Along the way, Vic gives out tidbits of information about the history of the tarot. He says that from the mid-15th century it was used throughout Europe as a game, and it wasn’t until the late 18th century that it started being used by mystics and occultists for divination. I decide it’s time to buy a tie-dyed silk scarf from a street seller and blame it on the cards.
Arriving in the magical city of Hampi, we thank our lucky, err, cards, that we’re resting our heads here for a few days.
Rolling fields of acid green grasses covered with thick groves of gangly palms and the occasional cactus, surround mountains of enormous stacked boulders. Scattered in between are majestic ruins from the great 14th century Hindu Vijayanagara Empire.
A little tuk-tuk with peacocks embroidered on the walls and silver tassels dangling from the ceiling shuttles us around town.
We visit a group of disadvantaged kids at the Hampi Children’s Trust, as well as the Anegundi women’s co-op, where local women weave baskets from natural fibres.
We drink fresh coconut milk from local street stalls and watch an elephant get bathed in the river. Meanwhile, India’s magic is enhanced a little each day by our tarot exploration, which forces us to constantly look more closely at our surroundings as we search for tarot imagery.
Vic teaches us how to do “spreads” of the cards, so that we can understand how they relate to one another, and promises to give us each a personal reading by the time we finish our journey.
Next up is Dandeli Wildlife Sanctuary, set amongst lush forestland beside a monsoon-slushed river.
We take an afternoon jeep safari in the surrounding wilderness, spotting peacocks, wild boars, deer, langur monkeys and jackal, take walks in the forest, watch crocodiles bathe in the river during a traditional coracle boat ride, and take our tarot classes on the verandahs of our charming tented rooms.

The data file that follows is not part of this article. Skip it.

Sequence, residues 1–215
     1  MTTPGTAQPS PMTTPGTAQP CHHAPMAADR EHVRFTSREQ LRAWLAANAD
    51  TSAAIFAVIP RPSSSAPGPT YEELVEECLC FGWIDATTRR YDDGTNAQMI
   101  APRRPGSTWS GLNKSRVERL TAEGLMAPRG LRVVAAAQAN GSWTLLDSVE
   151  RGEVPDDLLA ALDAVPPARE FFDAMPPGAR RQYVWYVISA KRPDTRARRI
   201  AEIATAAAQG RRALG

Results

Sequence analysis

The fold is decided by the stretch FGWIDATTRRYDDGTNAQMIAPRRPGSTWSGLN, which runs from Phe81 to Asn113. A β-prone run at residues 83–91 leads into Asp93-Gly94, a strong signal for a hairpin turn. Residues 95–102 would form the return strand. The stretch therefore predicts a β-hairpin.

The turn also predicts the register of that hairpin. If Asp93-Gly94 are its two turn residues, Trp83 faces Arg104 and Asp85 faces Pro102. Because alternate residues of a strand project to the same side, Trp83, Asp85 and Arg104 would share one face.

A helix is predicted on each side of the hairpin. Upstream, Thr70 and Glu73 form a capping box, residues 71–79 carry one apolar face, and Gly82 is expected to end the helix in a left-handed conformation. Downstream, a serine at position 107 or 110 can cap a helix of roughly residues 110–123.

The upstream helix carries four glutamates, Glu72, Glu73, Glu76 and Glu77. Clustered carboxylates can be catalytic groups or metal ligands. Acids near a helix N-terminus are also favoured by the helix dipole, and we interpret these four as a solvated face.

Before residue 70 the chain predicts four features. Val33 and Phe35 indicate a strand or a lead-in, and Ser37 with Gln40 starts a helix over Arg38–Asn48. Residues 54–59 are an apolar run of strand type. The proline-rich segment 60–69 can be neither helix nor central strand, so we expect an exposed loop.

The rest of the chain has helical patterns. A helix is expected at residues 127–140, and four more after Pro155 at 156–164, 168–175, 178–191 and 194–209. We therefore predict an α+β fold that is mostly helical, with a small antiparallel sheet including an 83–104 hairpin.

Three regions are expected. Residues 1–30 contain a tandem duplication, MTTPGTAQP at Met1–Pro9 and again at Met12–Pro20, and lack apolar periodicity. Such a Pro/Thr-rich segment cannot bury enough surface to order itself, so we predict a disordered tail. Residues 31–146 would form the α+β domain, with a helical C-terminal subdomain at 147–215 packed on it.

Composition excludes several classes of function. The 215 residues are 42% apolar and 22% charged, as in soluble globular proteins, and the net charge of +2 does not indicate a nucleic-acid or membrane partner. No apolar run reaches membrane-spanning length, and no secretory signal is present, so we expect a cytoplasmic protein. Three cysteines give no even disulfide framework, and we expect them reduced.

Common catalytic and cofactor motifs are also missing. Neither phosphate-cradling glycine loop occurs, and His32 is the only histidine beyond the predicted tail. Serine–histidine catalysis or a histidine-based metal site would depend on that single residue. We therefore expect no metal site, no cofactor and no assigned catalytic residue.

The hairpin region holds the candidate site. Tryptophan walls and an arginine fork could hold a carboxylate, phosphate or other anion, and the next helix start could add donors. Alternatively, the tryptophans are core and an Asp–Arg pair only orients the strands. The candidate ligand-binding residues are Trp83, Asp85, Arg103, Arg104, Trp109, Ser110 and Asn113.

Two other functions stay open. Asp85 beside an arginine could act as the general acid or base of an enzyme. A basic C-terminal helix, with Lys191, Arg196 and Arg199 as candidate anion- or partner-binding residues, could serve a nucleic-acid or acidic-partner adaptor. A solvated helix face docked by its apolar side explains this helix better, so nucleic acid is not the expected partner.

Eventually, it’s time for me to have my cards read. Vic tells me to think of what I want to know from the cards before shuffling them, separating them into three stacks, and combining them again.
He then places nine cards face up on the table in three rows of three. I was nervous about getting the Devil or Death cards (even though Vic keeps reminding us that the “darker cards are the keys to liberation and illumination”), but things are looking good: the pretty moon, star, lovers and wheel of fortune cards all surface.
Vic explains each card separately, then gives me my message: “You’ll get to where you need to be. When so much change is going on, you have to let go of what no longer works and that will liberate you.”
It’s relatively vague information, sure, but it gets me thinking about the challenges I’ll be facing in the future and how I might approach them. In this way, I realise, the cards have been almost like a form of therapy for us all.
Our final evening in Mysore, which is also the final night of our tour, coincides with Diwali Festival, India’s five-day Festival of Lights. We take a post-prandial stroll to the Maharaja’s Palace, which will be set ablaze with more than 96,000 bulbs for the festival, and wait patiently in the darkness for the lights to go up.
Three, two, one … Boom! The ancient palace is lit up like a fairytale castle and we stand before it in silent awe. “There you go,” Mela finally manages, “didn’t we promise you the darkness would be illuminated?”
Singapore Airlines has a fare to Bangalore for about $1070 low-season return from Sydney and Melbourne including tax. Fly to Singapore (about 7hr) and then to Bangalore (4hr 20min); see singaporeair.com. Australians require a visa for a stay of up to six months.SEE THERE
Touch of Spirit Tours 16-day Mystical Journey of South India tour stops in Bangalore, Goa, Hampi, Hassan, Dubare and Mysore, and costs $3480 a person twin share. The price includes
air-conditioned travel, accommodation, one domestic flight, all tours, all entrance fees, local guides, jeep safaris, nature treks, elephant interaction program, all mystical classes, bottled water and many meals. The next tour will run from November 23 to December 8, 2014. touchofspirittours.com.au. Touch of Spirit Tours also run tours focusing on Ayurvedic medicine, textiles, volunteering and body, mind and spirit healing, throughout India and Sri Lanka.